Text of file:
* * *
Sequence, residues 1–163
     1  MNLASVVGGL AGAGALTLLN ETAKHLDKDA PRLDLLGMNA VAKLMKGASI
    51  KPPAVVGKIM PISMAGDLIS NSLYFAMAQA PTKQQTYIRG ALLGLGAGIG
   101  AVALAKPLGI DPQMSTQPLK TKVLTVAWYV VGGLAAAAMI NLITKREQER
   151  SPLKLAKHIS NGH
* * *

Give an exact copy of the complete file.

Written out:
Sequence, residues 1–163
     1  MNLASVVGGL AGAGALTLLN ETAKHLDKDA PRLDLLGMNA VAKLMKGASI
    51  KPPAVVGKIM PISMAGDLIS NSLYFAMAQA PTKQQTYIRG ALLGLGAGIG
   101  AVALAKPLGI DPQMSTQPLK TKVLTVAWYV VGGLAAAAMI NLITKREQER
   151  SPLKLAKHIS NGH